The member 17 between the mirror 5 and the relay lens 6, is an exciter filter which is inserted into the illuminating ray path of light when in fluorescein angiography and which is taken out of the path when in normal photography. After the exciter filter has been removed, a baffle 18a equipped light permeable plate 18 is placed instead by a mechanism to be described below, and that the lengths of the optical paths of the filter and the transparent plate are equal to each other. The baffle 18a is arranged on the optical axis and at a conjugate position to the fundus side surface of the crystalline lens El, and has a function of removing the disturbing reflections on the crystalline lens. Instead of forming an image of the baffle in the crystalline lens, it is possible to obscure the same illuminating light bundle by forming an aperture opening just in front of the cornea. In the latter case, this baffle must be replaced by an apertured plate. Where conservation of the illumination level need not be considered, the baffle may be fixedly mounted, while the exciter filter is releasably mounted at another position.
Furthermore, a barrier filter 19 is releasably mounted in the light path moving either independently of, or in connection with, the filter 17. An illumination field stop is identified by the numeral 20. The illumination field stop 20 is at a conjugate position to the fundus of the normal eye (the eye of zero diopter). In normal photography, the illumination field stop 20 is inserted into the illumination ray path of light when detaching the exciter filter 17 from the optical path, thereby the light bundle is stopped down. The resultant reduction in size of the stop opening corresponds to the magnitude of the marginal zone which is not to be photographed when the angular field takes a presumed value for normal photography,. Therefore, this marginal zone is obscured by the shadow (image) of the stop. In more detail, since determination of the angular field for normal photography accounts for the disturbing reflection eliminating mechanism, as the angular field for fluorescence is wider than that for normal photography, and the projection angle of the illuminating light is coincidental with the field angle for fluorescein angiography, it follows that with the eye fundus camera having a constant angle of illumination projection, the fundus of the eye is illuminated over a greater range than in normal photography. As the present inventor has pointed out in Japanese Laid Open Patent Sho No. 54-141095 (U.S. patent application Ser. No. 32,683), those of the illuminating rays of light which are beyond the photographing area of the eye fundus, when scatteringly reflected from the outside area of the eye fundus, greatly contribute to a flare as they migrate into the photographing rays of light. Therefore, it is desirable to eliminate this unnecessary illuminating light.
The member 21, just in front of the shutter 12, is a baffle having an aperture opening and which defines the range of a photographic field for normal photography as stopped down from the photographic field stop 12b for fluorescein angiography. This baffle 21 is inserted into a position illustrated by dotted lines when detaching the filter for fluorescein angiography. Since, however, this position is very near the film 13, it is substantially conjugate to the eye fundus Ef. It is also noted that the photographic field defined by the aperture opening of the baffle 21, though being narrowed, is the same as that of the conventional angular photography field prior to the present invention. (It is of course possible to extend the photographic field). It is also noted that if the focusing adjustment automatically accurately adjusts a given visibility of the eye to be examined and the illumination field stop 20, insertion of the baffle 21 is omitted.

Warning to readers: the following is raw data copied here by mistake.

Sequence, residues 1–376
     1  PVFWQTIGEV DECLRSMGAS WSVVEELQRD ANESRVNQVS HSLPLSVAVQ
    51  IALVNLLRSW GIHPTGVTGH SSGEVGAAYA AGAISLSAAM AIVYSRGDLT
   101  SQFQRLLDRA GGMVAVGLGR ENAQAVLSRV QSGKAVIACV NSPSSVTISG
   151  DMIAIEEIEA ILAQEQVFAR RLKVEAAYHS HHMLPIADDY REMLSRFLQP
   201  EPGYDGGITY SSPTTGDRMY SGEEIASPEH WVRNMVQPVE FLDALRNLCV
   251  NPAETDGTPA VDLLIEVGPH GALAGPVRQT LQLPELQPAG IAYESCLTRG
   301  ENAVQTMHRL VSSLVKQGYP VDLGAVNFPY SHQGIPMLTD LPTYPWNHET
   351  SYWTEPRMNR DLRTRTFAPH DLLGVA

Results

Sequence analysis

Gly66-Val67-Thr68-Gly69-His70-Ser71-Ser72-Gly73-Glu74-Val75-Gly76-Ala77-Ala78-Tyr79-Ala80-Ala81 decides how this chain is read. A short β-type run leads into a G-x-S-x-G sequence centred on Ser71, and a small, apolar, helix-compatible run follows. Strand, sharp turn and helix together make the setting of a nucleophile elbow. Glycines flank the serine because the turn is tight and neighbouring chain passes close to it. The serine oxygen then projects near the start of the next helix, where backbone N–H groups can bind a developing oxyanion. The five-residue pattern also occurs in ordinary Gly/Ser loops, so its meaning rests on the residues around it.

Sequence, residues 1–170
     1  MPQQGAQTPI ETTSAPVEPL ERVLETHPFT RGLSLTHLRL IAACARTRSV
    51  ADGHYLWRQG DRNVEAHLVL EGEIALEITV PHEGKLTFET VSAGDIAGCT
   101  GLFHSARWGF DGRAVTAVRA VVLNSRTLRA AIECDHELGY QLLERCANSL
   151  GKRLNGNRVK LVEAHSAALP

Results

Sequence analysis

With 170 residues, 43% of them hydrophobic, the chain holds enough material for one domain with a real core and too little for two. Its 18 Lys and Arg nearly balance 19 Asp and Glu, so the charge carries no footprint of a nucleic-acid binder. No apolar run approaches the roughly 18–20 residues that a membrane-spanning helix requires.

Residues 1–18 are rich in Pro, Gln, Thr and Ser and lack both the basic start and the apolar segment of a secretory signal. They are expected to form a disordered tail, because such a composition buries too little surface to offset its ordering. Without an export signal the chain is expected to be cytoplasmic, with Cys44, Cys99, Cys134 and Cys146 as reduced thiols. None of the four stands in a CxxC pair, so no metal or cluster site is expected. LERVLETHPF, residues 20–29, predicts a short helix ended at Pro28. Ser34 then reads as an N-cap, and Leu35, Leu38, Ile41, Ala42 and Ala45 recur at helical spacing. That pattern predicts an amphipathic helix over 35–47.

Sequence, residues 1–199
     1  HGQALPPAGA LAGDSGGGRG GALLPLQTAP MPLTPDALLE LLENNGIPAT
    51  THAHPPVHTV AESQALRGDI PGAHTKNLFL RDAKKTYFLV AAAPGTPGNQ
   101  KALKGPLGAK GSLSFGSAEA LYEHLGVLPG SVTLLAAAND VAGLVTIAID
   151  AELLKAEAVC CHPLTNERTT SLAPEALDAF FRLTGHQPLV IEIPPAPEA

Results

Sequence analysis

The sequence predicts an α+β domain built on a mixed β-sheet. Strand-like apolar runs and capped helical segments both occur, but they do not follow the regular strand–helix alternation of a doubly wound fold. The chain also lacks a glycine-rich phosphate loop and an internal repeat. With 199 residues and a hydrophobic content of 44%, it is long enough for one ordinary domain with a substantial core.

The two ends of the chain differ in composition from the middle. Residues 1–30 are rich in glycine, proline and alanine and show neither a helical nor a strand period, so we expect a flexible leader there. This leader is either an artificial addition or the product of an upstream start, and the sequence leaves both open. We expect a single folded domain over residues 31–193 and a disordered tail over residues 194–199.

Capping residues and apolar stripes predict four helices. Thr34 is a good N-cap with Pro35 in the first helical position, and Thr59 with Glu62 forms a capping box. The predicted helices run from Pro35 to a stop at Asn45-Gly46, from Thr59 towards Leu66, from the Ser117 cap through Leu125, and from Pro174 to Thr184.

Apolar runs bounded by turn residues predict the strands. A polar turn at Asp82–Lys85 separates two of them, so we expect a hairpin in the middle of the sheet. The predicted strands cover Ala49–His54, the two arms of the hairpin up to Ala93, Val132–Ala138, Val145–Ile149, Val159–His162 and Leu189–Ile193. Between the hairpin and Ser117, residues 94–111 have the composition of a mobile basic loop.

With this type of camera, when in normal photography, instead of the exciter filter 17 being inserted, the baffle 18a is inserted into and seated in the optical axis, and the illumination field stop 20 is either inserted or closed down. Furthermore, instead of the barrier filter 19, a transparent compensation plate 19' of the same optical path length is inserted. Then, after the photographic field stop 21 has been mounted, observation followed by exposure is carried out in a similar manner to that in the prior art. Otherwise in fluorescein angiography, the baffle 18a is replaced by the exciter filter 17, and the photographic field stops 20 and 21 are either removed or fully opened. Then the barrier filter 19 is further inserted. The illumination system has an increased angle of projection, and the photographic system has an increased angular field so that fluorescein angiography of a far wider angular field than that of normal photographs can be obtained. Practical examples of mechanisms for attaching andd detaching the filter for fluorescein angiography, for mounting and demounting the field stop, and for closing down the stop are described below in greater detail. The accompanying drawings depict the essential parts thereof.